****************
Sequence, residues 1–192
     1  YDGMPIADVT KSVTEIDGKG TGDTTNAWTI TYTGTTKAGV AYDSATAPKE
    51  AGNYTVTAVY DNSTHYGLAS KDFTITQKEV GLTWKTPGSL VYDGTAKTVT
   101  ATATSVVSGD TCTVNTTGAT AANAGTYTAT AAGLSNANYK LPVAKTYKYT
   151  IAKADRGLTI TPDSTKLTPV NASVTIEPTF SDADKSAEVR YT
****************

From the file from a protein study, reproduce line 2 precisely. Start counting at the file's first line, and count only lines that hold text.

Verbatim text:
     1  YDGMPIADVT KSVTEIDGKG TGDTTNAWTI TYTGTTKAGV AYDSATAPKE